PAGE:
The pilot of a Venezuelan-owned cargo plane detained by Argentine authorities at Ezeiza Airport in Buenos Aires last weekend has been identified as a former senior Iranian Quds Force officer, Yisrael Hayom reported on Monday.
The pilot was named as General Gholamreza Qasemi, formerly the head of the Revolutionary Guard Corps’ Aerospace Force and a key figure in shipping arms to Iranian proxies in Syria and other countries.
The chief of intelligence in Paraguay, Esteban Aquino, also identified the pilot as Ghasemi, AFP reported on Friday. However, Argentina denied the reports, with Argentine Minister of Security Anibal Fernandez saying that Aquino has the right to say what he wants but there has not yet been any official documentation of the plane’s ties to terror organizations.
Israel praised Argentina on Thursday for detaining the plane, saying the flight shows Tehran is trying to expand its influence in South America.
Washington also made clear it is keeping close tabs on the investigation into the Boeing 747, which was loaded with automotive parts and raised questions because its 19 crewmembers is an unusually large number for a cargo plane.
In a statement, the Israeli Embassy commended the “fast action” by Argentine authorities who “identified in real time the potential threat” posed by the aircraft, which has been grounded at Argentina’s main airport outside Buenos Aires since June 8.
Israel “is particularly worried” about Iranian airlines “that are dedicated to arms trafficking and the transfer of people and equipment for the Quds Force, which are under sanctions by the United States for being involved in terrorist activities,” the embassy said.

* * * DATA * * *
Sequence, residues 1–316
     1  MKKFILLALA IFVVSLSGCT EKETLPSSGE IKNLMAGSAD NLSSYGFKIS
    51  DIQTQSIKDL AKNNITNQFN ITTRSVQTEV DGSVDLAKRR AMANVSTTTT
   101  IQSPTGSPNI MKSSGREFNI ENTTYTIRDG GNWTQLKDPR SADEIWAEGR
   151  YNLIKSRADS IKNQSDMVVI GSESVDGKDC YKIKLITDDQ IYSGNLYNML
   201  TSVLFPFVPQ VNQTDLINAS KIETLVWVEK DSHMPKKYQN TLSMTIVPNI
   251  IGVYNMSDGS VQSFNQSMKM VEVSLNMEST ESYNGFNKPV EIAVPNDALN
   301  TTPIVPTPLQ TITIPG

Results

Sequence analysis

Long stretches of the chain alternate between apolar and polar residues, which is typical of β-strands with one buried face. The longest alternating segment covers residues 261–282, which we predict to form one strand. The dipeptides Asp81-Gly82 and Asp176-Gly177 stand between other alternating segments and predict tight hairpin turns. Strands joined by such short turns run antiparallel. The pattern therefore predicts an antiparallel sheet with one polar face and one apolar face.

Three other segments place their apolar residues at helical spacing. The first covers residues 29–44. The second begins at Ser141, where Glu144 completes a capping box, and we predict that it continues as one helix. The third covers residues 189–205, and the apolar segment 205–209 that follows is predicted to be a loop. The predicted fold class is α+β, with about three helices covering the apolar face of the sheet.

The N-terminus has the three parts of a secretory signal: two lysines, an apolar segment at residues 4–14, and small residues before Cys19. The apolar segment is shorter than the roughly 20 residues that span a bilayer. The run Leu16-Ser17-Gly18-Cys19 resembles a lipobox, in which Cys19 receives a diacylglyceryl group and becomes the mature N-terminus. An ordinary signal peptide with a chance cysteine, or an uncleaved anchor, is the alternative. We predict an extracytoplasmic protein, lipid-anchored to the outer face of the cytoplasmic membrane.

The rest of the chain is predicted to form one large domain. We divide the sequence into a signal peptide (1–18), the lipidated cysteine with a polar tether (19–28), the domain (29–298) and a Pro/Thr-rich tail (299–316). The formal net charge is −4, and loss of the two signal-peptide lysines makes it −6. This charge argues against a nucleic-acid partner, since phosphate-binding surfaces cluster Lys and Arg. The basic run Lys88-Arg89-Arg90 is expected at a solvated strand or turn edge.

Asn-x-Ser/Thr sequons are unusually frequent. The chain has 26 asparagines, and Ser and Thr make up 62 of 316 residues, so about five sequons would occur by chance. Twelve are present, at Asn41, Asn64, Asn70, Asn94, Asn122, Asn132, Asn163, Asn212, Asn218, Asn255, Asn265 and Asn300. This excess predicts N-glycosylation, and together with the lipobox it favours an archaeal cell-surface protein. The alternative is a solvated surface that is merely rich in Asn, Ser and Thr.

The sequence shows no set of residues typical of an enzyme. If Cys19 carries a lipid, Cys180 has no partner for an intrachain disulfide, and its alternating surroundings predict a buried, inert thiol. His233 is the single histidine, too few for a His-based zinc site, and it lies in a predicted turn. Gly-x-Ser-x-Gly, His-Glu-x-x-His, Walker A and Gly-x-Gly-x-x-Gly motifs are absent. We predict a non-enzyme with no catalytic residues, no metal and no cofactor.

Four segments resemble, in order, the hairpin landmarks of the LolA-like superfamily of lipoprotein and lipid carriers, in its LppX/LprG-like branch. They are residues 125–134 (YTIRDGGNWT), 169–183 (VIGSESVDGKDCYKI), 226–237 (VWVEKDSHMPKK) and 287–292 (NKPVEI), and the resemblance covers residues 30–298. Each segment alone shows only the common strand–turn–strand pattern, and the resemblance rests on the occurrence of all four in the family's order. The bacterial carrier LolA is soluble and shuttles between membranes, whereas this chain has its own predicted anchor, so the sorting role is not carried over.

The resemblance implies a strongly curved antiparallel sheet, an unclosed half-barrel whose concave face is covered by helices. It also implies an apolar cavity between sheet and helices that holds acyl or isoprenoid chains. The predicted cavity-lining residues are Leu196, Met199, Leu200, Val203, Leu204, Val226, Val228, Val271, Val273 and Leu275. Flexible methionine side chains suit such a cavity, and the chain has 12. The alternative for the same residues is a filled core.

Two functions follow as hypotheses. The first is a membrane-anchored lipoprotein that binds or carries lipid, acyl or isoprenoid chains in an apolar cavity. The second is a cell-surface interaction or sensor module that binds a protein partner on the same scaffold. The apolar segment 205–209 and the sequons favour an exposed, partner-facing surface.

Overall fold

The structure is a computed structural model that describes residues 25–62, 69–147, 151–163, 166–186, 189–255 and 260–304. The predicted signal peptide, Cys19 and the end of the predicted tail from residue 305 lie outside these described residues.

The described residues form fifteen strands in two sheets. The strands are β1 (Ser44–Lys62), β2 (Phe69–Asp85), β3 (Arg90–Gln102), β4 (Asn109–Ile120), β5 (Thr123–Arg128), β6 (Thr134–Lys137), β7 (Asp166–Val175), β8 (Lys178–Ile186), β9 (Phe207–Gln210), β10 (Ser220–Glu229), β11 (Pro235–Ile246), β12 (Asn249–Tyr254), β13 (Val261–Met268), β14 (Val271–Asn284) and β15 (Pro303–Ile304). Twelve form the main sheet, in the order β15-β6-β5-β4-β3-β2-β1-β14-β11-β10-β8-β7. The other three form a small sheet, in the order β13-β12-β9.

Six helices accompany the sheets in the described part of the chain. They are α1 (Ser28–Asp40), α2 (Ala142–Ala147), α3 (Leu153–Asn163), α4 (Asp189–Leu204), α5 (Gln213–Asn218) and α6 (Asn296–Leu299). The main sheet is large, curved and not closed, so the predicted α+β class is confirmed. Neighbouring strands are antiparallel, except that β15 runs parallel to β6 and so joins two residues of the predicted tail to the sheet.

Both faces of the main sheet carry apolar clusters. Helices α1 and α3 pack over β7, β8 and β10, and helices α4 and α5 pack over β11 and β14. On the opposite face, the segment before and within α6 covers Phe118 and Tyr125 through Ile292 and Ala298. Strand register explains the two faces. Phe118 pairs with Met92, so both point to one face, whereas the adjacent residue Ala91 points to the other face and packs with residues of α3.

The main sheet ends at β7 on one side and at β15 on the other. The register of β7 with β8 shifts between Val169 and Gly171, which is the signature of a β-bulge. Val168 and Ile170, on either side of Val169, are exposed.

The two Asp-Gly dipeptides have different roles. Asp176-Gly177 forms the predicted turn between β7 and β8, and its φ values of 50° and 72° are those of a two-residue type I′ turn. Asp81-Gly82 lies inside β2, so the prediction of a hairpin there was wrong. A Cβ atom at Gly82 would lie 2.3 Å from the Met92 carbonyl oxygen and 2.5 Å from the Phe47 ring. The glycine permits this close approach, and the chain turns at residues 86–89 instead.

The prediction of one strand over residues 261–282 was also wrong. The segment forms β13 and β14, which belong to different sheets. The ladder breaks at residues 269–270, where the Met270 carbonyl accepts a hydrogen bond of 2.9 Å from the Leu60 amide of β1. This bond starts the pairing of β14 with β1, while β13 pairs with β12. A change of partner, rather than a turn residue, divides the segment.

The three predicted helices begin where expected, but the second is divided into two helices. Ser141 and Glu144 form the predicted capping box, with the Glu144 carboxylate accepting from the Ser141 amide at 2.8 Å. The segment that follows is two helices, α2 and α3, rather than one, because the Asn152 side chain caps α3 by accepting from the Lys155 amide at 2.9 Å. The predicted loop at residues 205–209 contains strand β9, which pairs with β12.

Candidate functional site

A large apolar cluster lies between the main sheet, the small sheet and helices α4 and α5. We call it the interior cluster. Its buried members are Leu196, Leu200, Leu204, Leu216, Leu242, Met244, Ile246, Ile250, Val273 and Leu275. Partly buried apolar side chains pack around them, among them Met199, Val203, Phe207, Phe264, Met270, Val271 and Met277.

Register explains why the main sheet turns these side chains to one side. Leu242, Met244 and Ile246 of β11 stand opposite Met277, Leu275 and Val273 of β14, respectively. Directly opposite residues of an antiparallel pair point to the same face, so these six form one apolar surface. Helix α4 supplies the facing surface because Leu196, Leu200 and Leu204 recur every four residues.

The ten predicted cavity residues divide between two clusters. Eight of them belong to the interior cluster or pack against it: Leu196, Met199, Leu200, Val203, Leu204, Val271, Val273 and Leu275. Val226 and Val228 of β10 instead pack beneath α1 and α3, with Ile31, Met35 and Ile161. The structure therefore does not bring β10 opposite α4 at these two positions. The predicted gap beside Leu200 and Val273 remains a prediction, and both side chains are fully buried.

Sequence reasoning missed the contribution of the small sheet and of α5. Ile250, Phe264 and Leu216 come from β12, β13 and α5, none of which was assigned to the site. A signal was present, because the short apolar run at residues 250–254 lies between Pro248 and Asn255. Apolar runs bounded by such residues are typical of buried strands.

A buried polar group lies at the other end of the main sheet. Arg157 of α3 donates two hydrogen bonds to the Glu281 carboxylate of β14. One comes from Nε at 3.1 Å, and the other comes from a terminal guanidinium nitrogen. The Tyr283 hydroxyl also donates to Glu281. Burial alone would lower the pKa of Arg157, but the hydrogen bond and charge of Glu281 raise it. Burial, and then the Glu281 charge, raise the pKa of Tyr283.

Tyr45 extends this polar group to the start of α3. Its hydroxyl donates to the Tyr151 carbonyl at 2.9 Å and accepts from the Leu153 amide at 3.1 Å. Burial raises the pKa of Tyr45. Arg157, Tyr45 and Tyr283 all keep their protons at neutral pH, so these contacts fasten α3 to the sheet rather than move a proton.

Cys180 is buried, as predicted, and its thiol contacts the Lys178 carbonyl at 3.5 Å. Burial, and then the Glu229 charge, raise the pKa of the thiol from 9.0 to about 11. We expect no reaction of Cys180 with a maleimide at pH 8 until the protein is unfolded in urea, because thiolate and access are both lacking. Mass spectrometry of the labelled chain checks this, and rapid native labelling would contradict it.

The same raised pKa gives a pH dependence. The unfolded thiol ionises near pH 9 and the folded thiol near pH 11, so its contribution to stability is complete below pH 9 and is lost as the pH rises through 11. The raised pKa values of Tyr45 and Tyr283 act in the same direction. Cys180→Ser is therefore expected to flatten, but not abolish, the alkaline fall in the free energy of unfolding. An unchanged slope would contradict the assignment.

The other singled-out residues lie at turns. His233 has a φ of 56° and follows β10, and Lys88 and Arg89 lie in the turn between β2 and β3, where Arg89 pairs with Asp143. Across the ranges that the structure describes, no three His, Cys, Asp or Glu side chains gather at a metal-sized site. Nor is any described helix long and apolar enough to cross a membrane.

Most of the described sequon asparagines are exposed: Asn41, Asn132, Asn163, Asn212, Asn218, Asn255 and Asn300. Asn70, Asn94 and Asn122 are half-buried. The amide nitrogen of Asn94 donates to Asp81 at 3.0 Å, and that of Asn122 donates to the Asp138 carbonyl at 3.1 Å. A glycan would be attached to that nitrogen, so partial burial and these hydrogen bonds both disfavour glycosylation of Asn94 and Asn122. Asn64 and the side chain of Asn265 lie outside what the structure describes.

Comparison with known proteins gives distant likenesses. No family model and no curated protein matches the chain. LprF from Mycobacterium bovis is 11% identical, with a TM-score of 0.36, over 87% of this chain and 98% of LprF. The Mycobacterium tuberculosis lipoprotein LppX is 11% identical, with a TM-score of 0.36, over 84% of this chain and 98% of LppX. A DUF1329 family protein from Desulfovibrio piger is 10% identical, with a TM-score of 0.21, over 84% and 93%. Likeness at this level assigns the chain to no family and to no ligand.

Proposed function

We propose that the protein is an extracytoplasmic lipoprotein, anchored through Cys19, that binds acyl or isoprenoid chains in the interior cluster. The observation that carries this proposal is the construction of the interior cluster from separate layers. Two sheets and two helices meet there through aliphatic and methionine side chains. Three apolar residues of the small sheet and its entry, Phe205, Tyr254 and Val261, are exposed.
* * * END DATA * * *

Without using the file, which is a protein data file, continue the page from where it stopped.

“The recent events provide evidence of the repeated attempts by the Islamic Republic of Iran, through the Revolutionary Guard and the Quds Force, to continue consolidating its influence throughout the world, including South America, as a base for terrorist acctions in the continent,” the embassy added.
The top U.S. diplomat in Argentina also commented on the case.
“We are following with great interest the judicial and law enforcement investigations into the crew and the plane and thank the investigative efforts of Argentine authorities to clear up the situation,” U.S Ambassador Marc Stanley said in a statement shared with local media.
Argentine authorities have seized the passports of the five Iranians and 14 Venezuelan crewmembers on the plane, which is operated by Venezuela’s state-owned Emtrasur line, a subsidiary of Conviasa, which is under U.S. sanctions.
Expanding the international reverberations in the case, Venezuela on Thursday evening harshly criticized Uruguay for failing to allow the plane to land in Montevideo to refuel.
The plane’s crew sought to fly to Montevideo on June 8 but had to return to Buenos Aires after Uruguayan authorities refused entry into its airspace, according to a report by Argentina’s Transportation Ministry. It was then that the plane was grounded by Argentine authorities.
Uruguay’s “regrettable action” could have “caused a tragedy, human lives and damage to both nations,” Venezuela said in a statement, adding that it “demands explanations about this terrible event from the Uruguayan government.”
Before it was sold to Emtrasur a year ago, the plane was owned by Mahan Air of Iran, which the U.S. government has sanctioned for allegedly aiding the Quds Force and terrorist activities.
Law enforcement offices on Tuesday searched the hotel where the crew members were staying under orders of Federal Judge Federico Villena, who is investigating the crew.
Argentine authorities say they have not found any irregularities in the crew.
The plane reportedly loaded automotive parts in Mexico and stopped in Venezuela before arriving in Argentina.
The large crew had earlier raised suspicions in Paraguay, where the plane landed last month in Ciudad del Este, close to the Argentina and Brazil borders, Paraguay’s interior minister, Federico González, told a local radio station Tuesday. He said the plane was there May 13-16,
González said Paraguay alerted intelligence agencies in the region about the plane and its crew.
Argentina suffered two terrorist attacks in its capital that judicial investigators have blamed on Iran — a 1992 explosion at the Israeli Embassy and a deadly bombing at a Jewish organization in 1994. Iran has denied any involvement.
(YWN Israel Desk – Jerusalem & AP)